Friday, December 12, 2008
Good afternoon, members of our fall, 2008 graduating class. I have the privilege, on behalf of my faculty colleagues, to offer you a few final words of professorial advice before you leave UNF for whatever lies beyond. At previous commencement ceremonies I have drawn inspiration for my remarks from a number of the world’s greatest poets, including Homer, Virgil, Dante, and John Donne. Today I would like to draw upon a contemporary American poet whom I know to be a favorite of President Delaney. While there is no doubt that the wisdom of the venerable poets I have just cited continues to have relevance to our current circumstances, it is equally the case that some of Bob Dylan’s most memorable lines also have an uncanny bearing on the world you are about to enter as UNF graduates.
Dylan wrote some of his most resonant lyrics in the 60s, that tumultuous decade during which I attended college. A most unpopular and controversial war was raging, and there was a bitter dispute being carried out between left wing Democrats and right wing Republicans about whether or how to bring that war to closure. The American electorate—of which, as an 18-year old deemed to be sufficiently mature to be drafted but not yet sufficiently mature to vote, I was not a member—was highly mobilized, and regardless of where one stood along that divide, everyone had a palpable sense of the political and societal changes that were in the air. Early on in that decade, it was Dylan who observed, with a prescience perhaps even he himself could not have anticipated, that “the times, they are a-changin’.”
It is the fashion at graduation ceremonies to alert the graduating class to the challenges they will face and to responsibilities they will bear upon leaving behind the tranquility of the academy for the unruliness of the world they are about to enter into. If unruliness was the prevailing mood of the times 45 years ago when Dylan released his third album which contained what came to be regarded as his anthem of the age, it is if anything more so the case today. The world seems to be on the vertiginous brink not just of precipitous change but of utter revolution. The United States of America, preeminent among the world’s nations for so long, now shares the international stage with other countries, both old world and emergent, that are vying for positions of economic and social leadership. The economy is in turmoil. Conflicts, some deadly and others which easily could become so, exist or threaten to erupt in every corner of the world.
In light of what to many of us is an amazing and shocking confluence of events, the clichés which characterize most commencement remarks now have been given renewed meaning and real urgency. The times truly are “a-changin,” and as a result the world is profoundly in need of new vision, new leadership, a generosity of human spirit founded upon both broad and deep knowledge of world cultures whose values and beliefs do not always coincide, an awareness of the global implications of local action, and perhaps above all, a commitment to make the world better for everyone even at the expense of making it better for oneself.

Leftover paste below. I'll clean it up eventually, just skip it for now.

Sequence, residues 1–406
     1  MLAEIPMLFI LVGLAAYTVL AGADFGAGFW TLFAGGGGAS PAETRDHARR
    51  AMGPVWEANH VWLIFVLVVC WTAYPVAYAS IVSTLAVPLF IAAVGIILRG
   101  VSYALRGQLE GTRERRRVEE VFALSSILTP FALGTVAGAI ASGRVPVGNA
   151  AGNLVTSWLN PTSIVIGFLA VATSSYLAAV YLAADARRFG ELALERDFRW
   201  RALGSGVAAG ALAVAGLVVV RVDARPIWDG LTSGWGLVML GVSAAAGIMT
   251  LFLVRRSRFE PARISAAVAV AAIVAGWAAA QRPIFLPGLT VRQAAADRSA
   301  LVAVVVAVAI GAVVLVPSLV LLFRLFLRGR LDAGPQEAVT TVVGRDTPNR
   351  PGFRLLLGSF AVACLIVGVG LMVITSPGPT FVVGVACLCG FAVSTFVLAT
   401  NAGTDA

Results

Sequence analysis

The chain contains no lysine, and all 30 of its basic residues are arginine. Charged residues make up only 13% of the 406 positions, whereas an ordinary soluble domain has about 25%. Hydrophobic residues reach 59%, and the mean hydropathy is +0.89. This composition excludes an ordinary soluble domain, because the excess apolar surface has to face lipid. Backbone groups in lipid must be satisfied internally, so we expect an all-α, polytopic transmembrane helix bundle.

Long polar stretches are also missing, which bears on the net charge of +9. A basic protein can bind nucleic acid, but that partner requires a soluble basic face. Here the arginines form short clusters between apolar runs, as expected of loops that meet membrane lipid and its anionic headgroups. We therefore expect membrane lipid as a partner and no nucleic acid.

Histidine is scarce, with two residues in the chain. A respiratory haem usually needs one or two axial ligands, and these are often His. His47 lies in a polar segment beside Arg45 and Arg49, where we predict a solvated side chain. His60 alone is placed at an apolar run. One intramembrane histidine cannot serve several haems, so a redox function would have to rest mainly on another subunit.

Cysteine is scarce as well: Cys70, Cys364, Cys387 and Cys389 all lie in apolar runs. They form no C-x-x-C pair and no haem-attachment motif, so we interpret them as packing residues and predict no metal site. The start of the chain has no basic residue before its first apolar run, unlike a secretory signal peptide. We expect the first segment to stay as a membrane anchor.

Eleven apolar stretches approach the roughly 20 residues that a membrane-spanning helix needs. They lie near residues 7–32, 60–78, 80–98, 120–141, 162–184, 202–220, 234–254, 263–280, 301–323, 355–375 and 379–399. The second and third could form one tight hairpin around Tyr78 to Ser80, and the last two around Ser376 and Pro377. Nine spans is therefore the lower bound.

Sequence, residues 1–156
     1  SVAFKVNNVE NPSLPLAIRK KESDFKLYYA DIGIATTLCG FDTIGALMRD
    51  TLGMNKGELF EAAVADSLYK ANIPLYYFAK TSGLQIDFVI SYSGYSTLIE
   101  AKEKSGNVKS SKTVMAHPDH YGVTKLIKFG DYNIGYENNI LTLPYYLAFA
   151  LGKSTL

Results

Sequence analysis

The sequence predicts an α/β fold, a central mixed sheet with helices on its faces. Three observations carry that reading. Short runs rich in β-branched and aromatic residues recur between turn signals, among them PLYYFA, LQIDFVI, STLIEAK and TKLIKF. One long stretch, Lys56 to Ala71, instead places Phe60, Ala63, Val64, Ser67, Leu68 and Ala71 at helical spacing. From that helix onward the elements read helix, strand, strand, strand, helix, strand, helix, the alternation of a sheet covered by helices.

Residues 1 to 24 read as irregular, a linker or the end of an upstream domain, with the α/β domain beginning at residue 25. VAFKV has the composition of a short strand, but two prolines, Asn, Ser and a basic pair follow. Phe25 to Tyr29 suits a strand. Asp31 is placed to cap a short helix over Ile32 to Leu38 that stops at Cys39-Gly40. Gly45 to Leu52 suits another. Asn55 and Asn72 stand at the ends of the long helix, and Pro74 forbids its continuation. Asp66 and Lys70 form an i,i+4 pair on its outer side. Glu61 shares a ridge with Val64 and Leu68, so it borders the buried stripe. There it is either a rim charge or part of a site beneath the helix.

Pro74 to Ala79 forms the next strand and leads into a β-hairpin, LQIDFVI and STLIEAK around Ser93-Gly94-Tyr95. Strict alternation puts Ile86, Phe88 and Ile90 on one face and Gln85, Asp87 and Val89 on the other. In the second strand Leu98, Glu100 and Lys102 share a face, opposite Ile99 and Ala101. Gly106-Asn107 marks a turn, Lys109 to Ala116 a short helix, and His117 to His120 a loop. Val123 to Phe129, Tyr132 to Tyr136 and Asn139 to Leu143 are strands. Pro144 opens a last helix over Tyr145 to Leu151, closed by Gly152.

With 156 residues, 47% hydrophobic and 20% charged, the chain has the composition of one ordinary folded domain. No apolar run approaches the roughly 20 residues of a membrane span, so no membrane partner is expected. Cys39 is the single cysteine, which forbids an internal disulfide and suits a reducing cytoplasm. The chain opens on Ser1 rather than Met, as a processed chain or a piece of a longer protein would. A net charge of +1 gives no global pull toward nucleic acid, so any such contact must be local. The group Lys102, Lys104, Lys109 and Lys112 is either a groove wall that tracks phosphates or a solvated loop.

I can only hope at this point that your UNF education has helped to prepare you for the crucial roles this city, this country, and this world need you to play if we are to work through what must realistically be identified as a real crisis in the world order so that collectively we might achieve a new world of greater peace, greater equity, greater understanding, and greater hope and dignity for all.
I hasten to add that if you think that, as a result of acquiring your degrees, you now know the answers to the issues that confront us and that could well result in a new social, economic, and political paradigm then your certainty belies our best intentions. Instead, my hope is that you are leaving UNF not with answers but with the critical ability to make discerning judgments about and to provide innovative solutions to conditions that will evolve—or devolve—almost as quickly as you are able to grasp them and to which predetermined answers and conventional responses almost always will prove to be anachronistic and wrong. Permit me to suggest to you, as a final piece of professorial guidance, that you repeat to yourselves occasionally a line from another of Bob Dylan’s songs, “My Back Pages,” also written in 1964. Even that early in his career Dylan already understood, despite the worshipful attitude of his fans, that absolutism obscured rather than clarified the truth. “Good and bad, I define these terms quite clear, no doubt, somehow,” Dylan sang . But he was wise enough even then to catch himself: “Ah but I was so much older then, I’m younger than that now.”
In sum, UNF graduates of 2008, I will distill my message into three phrases: one, the times they are a-changin; two, strive to supersede your own intellectual convictions; and three, if you are successful in doing so then I am confident that you will remain, to quote Bob Dylan one more time, “forever young.” And for those of you who, unlike President Delaney, are not Bob Dylan fans, or if these three phrases escape your memory, then let me just remind you of, and perhaps put a new spin upon, a phrase that I trust you never will forget: when it comes to what you know versus what you have yet to learn in order to be the kind of resourceful citizens that the world so desperately requires you to be, always remember with pride and with purpose the mantra that UNF means “you never finish.”
Congratulations and good luck.
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